Home Secretary Tightens UK Family Visa Rules to reduce unfair migration levels


Home Secretary Tightens UK Family Visa Rules to reduce unfair migration levels

The Home Secretary, James Cleverly, has fulfilled his commitment to overhaul the country’s immigration system.

His efforts aim to reduce unsustainable and inequitable migration levels while ensuring that newcomers do not burden taxpayers. As part of a comprehensive package to curtail legal migration, the minimum income required for sponsoring family members coming to the UK on a family visa has been raised from £18,600 to £29,000, effective today (April 11). This represents a substantial increase of over 55%. By early 2025, the threshold will rise further to £38,700, aligning with the new salary requirement for a Skilled Worker visa.

The full set of measures, which have all been implemented, include:

  • ending the ability of nearly all students to bring dependants to the UK
  • restricting care workers from bringing family members
  • requiring care providers to register with the Care Quality Commission if they are sponsoring migrant care workers
  • commissioning the Migration Advisory Committee (MAC) to carry out a rapid review of the Graduate route for international students to prevent abuse, protect the integrity and quality of UK higher education and ensure it works in the best interests of the UK
  • increasing the minimum salary required for those arriving on the Skilled Worker visa, from £26,200 to £38,700
  • replacing the Shortage Occupation List with a new Immigration Salary List, with employers no longer able to pay migrants less than UK workers in shortage occupations

These changes come swiftly after the Home Secretary announced a series of reforms to the immigration system, including measures to tighten the student visa route in May 2023. Approximately 300,000 individuals who arrived in the UK last year would no longer meet the revised income criteria.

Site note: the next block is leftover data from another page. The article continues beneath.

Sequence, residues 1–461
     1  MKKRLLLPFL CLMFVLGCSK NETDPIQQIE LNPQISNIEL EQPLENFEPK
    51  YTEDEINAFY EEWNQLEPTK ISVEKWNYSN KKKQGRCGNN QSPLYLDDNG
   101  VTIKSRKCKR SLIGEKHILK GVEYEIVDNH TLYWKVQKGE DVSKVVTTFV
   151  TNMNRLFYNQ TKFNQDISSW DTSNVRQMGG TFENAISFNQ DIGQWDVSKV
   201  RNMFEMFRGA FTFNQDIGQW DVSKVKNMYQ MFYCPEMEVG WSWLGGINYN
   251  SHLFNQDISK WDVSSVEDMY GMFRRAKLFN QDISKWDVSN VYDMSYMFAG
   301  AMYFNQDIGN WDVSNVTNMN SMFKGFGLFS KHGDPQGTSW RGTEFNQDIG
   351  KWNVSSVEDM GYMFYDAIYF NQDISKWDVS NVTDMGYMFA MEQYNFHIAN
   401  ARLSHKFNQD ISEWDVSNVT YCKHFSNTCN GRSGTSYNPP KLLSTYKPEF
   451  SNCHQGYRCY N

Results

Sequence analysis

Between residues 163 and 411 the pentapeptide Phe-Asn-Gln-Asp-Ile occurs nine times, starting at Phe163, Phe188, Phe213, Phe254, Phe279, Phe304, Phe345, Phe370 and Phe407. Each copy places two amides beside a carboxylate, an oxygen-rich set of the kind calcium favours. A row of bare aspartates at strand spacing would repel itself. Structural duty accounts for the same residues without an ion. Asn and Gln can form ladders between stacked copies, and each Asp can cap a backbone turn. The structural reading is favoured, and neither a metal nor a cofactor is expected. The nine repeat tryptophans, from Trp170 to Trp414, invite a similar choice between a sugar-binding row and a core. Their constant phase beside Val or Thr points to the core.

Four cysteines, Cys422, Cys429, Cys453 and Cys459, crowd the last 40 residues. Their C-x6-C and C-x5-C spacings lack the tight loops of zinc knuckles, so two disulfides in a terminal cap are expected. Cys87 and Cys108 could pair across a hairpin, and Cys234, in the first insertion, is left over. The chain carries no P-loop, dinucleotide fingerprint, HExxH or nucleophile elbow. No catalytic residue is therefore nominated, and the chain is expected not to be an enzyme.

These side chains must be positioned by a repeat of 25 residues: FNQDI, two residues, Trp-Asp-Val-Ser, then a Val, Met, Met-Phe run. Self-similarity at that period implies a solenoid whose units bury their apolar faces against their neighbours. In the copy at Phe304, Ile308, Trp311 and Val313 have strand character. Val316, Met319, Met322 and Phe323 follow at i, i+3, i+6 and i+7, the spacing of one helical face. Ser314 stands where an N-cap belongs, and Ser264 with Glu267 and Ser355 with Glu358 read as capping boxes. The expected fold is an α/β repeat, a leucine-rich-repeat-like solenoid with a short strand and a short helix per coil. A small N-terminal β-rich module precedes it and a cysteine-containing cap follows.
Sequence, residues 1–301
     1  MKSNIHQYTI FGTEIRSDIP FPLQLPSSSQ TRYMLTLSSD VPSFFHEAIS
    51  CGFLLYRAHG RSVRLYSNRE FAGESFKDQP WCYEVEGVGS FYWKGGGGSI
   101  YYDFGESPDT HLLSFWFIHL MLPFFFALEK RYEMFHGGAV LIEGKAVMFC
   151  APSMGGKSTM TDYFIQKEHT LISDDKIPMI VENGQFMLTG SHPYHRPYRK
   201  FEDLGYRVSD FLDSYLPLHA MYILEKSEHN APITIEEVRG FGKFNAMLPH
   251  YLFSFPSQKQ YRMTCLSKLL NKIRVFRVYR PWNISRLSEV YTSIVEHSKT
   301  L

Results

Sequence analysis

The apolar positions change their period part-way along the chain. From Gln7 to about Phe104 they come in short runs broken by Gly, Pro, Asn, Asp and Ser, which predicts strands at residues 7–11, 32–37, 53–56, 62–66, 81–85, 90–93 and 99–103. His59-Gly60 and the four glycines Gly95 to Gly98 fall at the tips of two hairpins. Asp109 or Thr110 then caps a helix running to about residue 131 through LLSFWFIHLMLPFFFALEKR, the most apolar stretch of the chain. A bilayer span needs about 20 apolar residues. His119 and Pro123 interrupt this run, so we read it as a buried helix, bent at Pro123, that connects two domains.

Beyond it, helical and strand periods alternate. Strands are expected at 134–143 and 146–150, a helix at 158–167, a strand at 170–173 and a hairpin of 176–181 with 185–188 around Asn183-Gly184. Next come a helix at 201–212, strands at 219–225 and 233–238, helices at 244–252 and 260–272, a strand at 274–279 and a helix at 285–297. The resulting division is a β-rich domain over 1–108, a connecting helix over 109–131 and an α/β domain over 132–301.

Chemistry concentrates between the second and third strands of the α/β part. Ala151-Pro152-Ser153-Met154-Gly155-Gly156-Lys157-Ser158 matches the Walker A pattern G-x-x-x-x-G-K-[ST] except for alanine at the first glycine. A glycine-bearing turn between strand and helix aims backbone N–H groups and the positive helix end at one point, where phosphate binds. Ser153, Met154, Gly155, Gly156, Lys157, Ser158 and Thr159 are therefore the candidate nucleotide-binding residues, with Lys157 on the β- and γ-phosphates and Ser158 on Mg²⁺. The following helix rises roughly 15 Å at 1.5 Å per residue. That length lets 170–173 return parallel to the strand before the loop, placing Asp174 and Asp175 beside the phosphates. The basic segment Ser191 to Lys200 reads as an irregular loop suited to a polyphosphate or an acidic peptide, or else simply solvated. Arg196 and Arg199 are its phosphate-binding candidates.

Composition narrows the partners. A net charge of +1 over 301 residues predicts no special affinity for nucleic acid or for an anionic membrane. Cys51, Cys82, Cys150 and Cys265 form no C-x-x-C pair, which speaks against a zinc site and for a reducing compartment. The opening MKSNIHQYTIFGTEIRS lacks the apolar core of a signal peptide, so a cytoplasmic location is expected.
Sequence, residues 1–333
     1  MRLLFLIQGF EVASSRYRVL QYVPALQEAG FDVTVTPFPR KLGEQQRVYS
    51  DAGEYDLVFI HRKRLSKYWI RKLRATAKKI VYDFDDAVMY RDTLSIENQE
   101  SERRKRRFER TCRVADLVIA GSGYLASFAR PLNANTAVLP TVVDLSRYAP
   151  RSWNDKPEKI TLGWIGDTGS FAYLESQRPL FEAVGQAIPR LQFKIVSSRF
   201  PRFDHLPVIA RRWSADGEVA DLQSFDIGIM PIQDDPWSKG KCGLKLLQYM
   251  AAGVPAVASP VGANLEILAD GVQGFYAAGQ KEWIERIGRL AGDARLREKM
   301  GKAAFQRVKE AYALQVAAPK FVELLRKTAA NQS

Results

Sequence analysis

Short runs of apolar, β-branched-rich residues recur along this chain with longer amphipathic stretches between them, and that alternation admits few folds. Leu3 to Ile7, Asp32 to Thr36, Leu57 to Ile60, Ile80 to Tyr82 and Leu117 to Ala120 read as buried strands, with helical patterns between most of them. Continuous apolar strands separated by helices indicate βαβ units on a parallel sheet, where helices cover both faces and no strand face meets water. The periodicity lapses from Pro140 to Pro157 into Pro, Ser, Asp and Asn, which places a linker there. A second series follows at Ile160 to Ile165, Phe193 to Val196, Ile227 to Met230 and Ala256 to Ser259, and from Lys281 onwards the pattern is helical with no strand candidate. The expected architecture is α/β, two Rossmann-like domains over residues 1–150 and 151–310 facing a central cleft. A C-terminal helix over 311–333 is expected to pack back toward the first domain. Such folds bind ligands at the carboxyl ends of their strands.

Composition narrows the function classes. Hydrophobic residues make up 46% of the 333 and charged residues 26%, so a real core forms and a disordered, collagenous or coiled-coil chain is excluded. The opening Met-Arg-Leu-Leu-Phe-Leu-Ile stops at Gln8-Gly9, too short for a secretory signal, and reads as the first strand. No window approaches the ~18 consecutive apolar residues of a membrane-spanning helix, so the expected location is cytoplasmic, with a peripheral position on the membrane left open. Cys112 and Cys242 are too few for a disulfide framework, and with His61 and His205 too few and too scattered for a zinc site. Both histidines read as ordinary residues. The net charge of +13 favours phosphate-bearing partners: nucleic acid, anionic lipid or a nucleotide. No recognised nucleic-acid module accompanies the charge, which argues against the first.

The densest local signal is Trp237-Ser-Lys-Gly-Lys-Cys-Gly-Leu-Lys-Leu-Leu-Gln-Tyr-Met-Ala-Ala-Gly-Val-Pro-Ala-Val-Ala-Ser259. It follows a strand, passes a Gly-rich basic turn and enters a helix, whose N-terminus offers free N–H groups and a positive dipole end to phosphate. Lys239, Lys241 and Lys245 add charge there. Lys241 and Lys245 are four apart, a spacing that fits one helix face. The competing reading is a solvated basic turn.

The gradual approach to increasing the income requirement provides families with predictability, allowing them to plan accordingly. Simultaneously, it ensures that those coming to the UK to reunite with their loved ones receive financial support. The government emphasizes that family life should not be established at the expense of taxpayers. Migrants joining their families must actively integrate into British society and contribute fully to national life.

Home Secretary, James Cleverly, said: 

We have reached a tipping point with mass migration. There is no simple solution or easy decision which cuts numbers to levels acceptable to the British people. 

Whether it was words unsupported by action, unfounded optimism or just plain wishful thinking that migration would fall on its own, indifference of any kind is never going to work – only determined action, backed by strong resolve, will deliver needed change. 

I promised action and we have delivered at remarkable speed. We’ve acted to cut unsustainable numbers, to protect British workers and their wages, to ensure those bringing family to the UK do not burden taxpayers, and to build an immigration system fit for the future – and one the public can rightly have confidence in.

Previously unchanged for over a decade, the income requirement now serves to promote self-sufficiency among families and prevent reliance on public funds. Sponsoring family members (or applicants with permission to work) must demonstrate an income of at least £29,000 earned within the UK. This requirement can be met through various means, including exclusive savings or a combination of lower income and savings.

The government has been clear that current levels of immigration are too high – putting pressure on public services, housing, and undercutting British workers – which is why decisive action was taken in December. 

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